Bebop musicians were performing and creating in a milieu that called for the supreme artistic force of improvisation. As DeVeaux notes, bebop functioned as a kind of musical matrix in that all musical ideas (from the blues especially but also from Broadway show tunes, popular songs, and classical music) were fodder for integration into the language of improvisation as a quotable tune or technique. Bebop also changed the rhythmic qualities of jazz by accelerating the interaction among musicians and by creating a performance space for improvising soloists on brass and reed instruments - that is, the space within the multiple beats coming out of the rhythm section itself (piano, bass, drums, and sometimes guitar).
In Saying Something, Monson explains that "the harmonic and melodic expertise of the soloist, which is essential to competent jazz improvisation, must be expressed against the rhythmic flow generated by the musically sociable rhythm section" (70). The rhythmic communication between bassists, drummers, and pianists also involves harmonic and melodic expertise but as a way of establishing the groove and creating feeling. Even more to the point, Monson is concerned with the way that African American music emphasizes the relationship between ethnic identity and artistic expression.
Monson notes in her introduction that the impetus behind Saying Something is the creation of a more cultural music theory and a more musical cultural theory. In the case of jazz studies, Monson explains, this musical cultural theory "portends a reexamination of the way in which jazz history of the twentieth century has been understood" (3). DeVeaux's book is a strong step in that process.
The first step in any jazz study is to teach one's audience how to listen to the music. DeVeaux and Monson both excel at providing definitive and articulate analysis for the "sounds" we see in their various transcriptions. This is particularly important to any music appreciation because knowing what to listen for or how instrumentation creates a feeling/groove/vibe is key to shaping understanding and taste. For Monson, this step also unfolds into a discussion of vernacular codes and linguistic styles particular to African American culture.
Built from the templates of anthropological and musicological surveys, Monson's study relies heavily on the first person accounts of contemporary jazz musicians such as Billy Higgins, Jacki Byard, Don Byron, and Kenny Washington. Because Monson is a performing musician, an informed participant in her subject community, the commentaries of her interviewees - her "field research" - are informative, insightful, and accurate. I raise this point because Monson's focus on interactive language, musical conversation through improvisation, becomes intensified by her informants.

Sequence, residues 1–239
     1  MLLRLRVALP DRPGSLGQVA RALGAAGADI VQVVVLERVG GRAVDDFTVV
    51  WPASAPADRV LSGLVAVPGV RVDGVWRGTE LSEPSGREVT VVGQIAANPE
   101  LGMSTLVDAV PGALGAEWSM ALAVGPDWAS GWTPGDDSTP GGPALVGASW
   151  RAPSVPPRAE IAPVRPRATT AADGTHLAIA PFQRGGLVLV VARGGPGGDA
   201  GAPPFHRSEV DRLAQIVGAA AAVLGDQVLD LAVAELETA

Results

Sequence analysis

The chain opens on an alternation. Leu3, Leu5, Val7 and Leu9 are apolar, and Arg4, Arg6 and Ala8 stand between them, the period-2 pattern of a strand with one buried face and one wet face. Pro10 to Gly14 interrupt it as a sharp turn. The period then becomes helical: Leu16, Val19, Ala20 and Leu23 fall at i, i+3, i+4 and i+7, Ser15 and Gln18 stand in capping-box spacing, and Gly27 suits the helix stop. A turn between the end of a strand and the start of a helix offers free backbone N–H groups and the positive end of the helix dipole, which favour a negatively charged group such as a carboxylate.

The theories of postmodernism, poststructuralism, and postcolonialism have taught us to be leery and distrustful of authors and musicians as critics of their own artistic practices. Artists are sometimes treated as if they do not know what they are doing or how they do it. In her sixth and final chapter, Monson tries to break into the discourse of the "posts" and marry them to musical analysis. However, as rhetorical systems the "posts" are inadequate to the joyfully complex gumbo of irony, humor, aesthetic innovation, and artistic expertise that is jazz performance. On this Monson and I agree: any theory about jazz, African American identity, and cultural commentary must be derived from the sound and the musicians.
The books by Monson and DeVeaux should also be read as written responses to the themes of Paul Berliner's massive study, Thinking in Jazz. Berliner's book does a lot to extricate improvisation from the myth of muse-struck beboppers and cooled out hipsters. Berliner's examination of the intellectual prowess and tenacious imagination that go into skillful improvisation is amplified by the work of Monson and DeVeaux. Improvisational expertise, as Monson suggests, is born from "interaction with an ever-changing community of musicians functioning as a learning environment, a musical process that defies explanation by traditional musical analyses of self-contained works." Though each study is superb in and of itself, the riffs, extensions, and shout-outs from book to book are a delight to read - the equivalent in jazz scholarship to improvisation and interaction in the music.
However, I can also level a complaint on this front. While the transcriptions by DeVeaux and Monson are of high quality, they would have been complemented by a companion CD enabling readers to listen to what was happening on the page. DeVeaux's tremendous ability to fill that gap with suggestive language is helpful. By comparison, the quality of Monson's work is deflated by a poor copy layout. In some sections important musical comments were twenty pages away from the relevant notation. I found myself incessantly flipping back and forth. The publishers of DeVeaux's book would do well to press a disc compilation for the paperback edition (Saying Something is already in paperback).
Aside from that one quibble, both books are great reads. One learns that improvised jazz, as well as being an intelligent and socially relevant music, is, as Albert Murray would say, the only American music that can be at turns gutbucket, backdoor blues, and then sharply orchestrated and symphonically arranged sound.